Diffuse reflectance spectroscopy (DRS) data are routinely collected by IODP. DRS data were collected at the IODP Gulf Coast Repository (GCR) in College Station, Texas (USA), using a handheld Minolta CM-2002 spectrophotometer. Those data spanning 5.5–8.5 Ma at Site U1456 were already published by Clift et al. (2019a). Sediment reflectance spectra between 390 and 700 nm wavelength range were measured every 2 cm along each core because this range covers most iron oxyhydroxides for mineral reflectance (Deaton and Balsam, 1991). For each measurement, the percent of light intensity reflected from the sample surface was obtained at a 10 nm interval. During data collection, the spectrophotometer was fully in contact with the core surface at the time of measurement. Interference from outside light was avoided in order to increase the accuracy of the reflectance data. The archive half was carefully scraped and rewrapped with Glad plastic cling wrap during the scanning; this wrap is commonly used for shore-based scanning work on IODP and Ocean Drilling Program (ODP) cores (Balsam et al., 1997). Measurements of the sediment spectral reflectance are not distorted as a result, and raw results can be considered reliable. Data are available in the Supplemental Material1 and at

Evaporation during storage resulted in the core surface being drier compared to after initial splitting. Spectral factors analysis indicates that the water content mainly changes the luminance color factor (lightness), which is closely related to the content of carbonate but does not affect our analysis (Giosan et al., 2002a). Deaton and Balsam (1991) have demonstrated that the 565 nm and 435 nm bands are sensitive to the presence of hematite and goethite, respectively. The first-order derivatives of the reflectance intensity of 565 nm and 435 nm were calculated from the data. Because these two minerals are commonly clay sized, their abundance ratio is not affected by grain size. The 565/435 ratio can be used to represent the relative abundance of hematite and goethite with a very high resolution (2 cm). This proxy has a good track record of showing coherence with other environmentally sensitive indicators (Clift et al., 2014; Liu et al., 2019).

Before using the 565/435 (hematite/goethite) proxy, we need to make sure there is an appropriate level of signal for both of these wavelengths in the scanning data. Figure 2A shows the spectra measured against depth for IODP Site U1456. In general, there is more strength in the signal for the 435 nm (goethite) spectrum compared to the 565 nm (hematite) spectrum, which is almost absent below 600 m below seafloor (mbsf), particularly in the mass-transport deposit. The signal is strongest for both of these wavelengths in the uppermost part of the core, but again with a dominance for goethite, so that the 565/435 (hematite/goethite) proxy is largely controlled by the abundance of that mineral. Comparison with the core descriptions indicates that both minerals, but particularly goethite, are more abundant in the fine-grained sediment interbedded with carbonates compared to in the sandy turbidite deposits.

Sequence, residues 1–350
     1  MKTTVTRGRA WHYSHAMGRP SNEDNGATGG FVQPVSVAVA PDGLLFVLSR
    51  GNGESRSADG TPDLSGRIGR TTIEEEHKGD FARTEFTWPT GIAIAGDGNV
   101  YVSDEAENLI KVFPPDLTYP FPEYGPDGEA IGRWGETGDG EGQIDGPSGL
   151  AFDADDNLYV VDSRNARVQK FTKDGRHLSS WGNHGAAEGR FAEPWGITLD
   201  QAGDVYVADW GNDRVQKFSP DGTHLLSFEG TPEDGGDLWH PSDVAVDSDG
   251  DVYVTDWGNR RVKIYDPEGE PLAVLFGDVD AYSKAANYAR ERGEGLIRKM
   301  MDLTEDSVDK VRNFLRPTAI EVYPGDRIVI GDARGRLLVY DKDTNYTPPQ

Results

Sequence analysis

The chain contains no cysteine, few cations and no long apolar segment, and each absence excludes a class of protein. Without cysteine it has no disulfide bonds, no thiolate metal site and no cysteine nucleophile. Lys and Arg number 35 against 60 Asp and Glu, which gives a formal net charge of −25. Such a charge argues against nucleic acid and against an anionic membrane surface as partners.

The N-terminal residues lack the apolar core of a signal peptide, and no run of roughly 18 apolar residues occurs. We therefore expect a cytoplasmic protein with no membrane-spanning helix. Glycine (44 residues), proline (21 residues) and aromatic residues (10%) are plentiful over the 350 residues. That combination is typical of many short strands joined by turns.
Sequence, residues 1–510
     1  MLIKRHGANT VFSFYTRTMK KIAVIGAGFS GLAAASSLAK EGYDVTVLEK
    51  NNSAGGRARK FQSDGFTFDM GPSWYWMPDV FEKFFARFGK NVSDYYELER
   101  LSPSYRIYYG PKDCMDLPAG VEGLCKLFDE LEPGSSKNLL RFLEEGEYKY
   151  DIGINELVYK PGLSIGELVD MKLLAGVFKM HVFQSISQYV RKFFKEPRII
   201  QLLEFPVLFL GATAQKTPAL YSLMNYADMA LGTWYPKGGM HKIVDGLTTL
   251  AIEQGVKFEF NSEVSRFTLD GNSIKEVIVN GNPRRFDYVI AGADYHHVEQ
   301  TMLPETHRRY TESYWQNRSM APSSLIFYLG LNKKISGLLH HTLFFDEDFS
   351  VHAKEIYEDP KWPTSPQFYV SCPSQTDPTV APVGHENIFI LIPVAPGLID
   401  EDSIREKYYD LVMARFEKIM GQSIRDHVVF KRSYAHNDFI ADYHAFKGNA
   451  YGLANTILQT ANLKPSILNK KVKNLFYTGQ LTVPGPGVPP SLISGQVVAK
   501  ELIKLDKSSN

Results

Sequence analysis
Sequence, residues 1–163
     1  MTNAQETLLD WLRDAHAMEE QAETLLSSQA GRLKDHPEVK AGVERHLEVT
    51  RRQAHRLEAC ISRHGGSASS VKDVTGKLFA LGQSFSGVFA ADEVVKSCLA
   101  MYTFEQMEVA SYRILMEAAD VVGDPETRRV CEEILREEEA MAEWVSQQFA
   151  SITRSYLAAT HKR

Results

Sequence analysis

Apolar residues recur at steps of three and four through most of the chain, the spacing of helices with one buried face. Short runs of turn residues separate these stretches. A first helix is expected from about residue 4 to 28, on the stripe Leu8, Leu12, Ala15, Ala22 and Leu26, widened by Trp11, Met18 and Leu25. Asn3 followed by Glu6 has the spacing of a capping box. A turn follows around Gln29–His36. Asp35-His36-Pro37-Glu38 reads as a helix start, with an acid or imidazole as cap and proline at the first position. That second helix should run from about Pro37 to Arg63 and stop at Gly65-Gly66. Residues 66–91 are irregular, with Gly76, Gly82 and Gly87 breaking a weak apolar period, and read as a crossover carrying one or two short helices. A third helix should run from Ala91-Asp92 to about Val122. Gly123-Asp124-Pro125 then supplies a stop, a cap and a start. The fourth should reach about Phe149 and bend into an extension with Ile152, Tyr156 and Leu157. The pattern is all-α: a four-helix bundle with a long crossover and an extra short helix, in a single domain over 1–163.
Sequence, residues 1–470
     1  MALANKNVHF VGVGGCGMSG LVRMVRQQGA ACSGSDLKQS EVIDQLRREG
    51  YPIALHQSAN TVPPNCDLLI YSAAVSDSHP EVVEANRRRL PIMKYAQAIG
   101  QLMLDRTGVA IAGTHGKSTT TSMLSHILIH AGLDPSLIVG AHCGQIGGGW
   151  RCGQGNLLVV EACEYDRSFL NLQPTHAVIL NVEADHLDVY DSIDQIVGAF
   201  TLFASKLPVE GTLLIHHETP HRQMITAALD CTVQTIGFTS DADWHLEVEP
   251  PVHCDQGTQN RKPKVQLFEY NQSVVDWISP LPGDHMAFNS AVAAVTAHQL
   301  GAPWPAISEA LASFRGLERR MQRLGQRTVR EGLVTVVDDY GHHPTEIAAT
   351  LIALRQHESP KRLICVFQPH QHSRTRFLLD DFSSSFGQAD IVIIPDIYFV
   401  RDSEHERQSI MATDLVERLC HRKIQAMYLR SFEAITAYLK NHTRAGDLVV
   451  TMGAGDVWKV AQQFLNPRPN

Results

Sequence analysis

At IODP Site U1457, we see the strongest development of both 565 nm and 435 nm wavelengths at the top of the section in carbonate-rich, muddy material, and very little hematite is present at the bottom of the core, particularly within the mass-transport deposit (Fig. 2B). There does, however, appear to be a weak signal for 565 nm throughout much of the section. As at Site U1456, the relative intensities of 565/435 are largely controlled by the abundance of goethite. Only in the middle of the core, at ~300–600 mbsf, does it appear that hematite has a stronger signal than goethite.

In terms of long-term trends in magnetic susceptibility (MS) at Site U1456, we observe variable and low values in the mass-transport deposit, with an increase above 750 mbsf and then a slight long-term trend to higher values upsection (Fig. 3). In particular, we note much greater variation and low values of MS above 120 mbsf where the cores contain significant carbonate. There is no clear depth trend in Al/Si. The 565/435 (hematite/goethite) proxy is noisy in the mass-transport deposit but then gradually increases from ~820 to 370 mbsf, above which point it becomes more erratic and declines toward the top of the section. Chemical index of alteration (CIA) values are high in the mass-transport deposit but then decline up-section through the sequence, especially above 750 mbsf and again at 350–400 mbsf. Clay mineralogy shows a dominance of smectite at the base of the drilled section, especially in the mass-transport deposit, although this mineral is present throughout. Illite becomes more dominant upsection, while kaolinite is a minor component of the total throughout. Minor volumes of palygorskite are found in restricted intervals, especially in finer-grained sediments with more carbonate. Illite crystallinity declines upsection, especially above the mass-transport deposit. At the same time, kaolinite/(illite + chlorite) shows a general decrease upsection.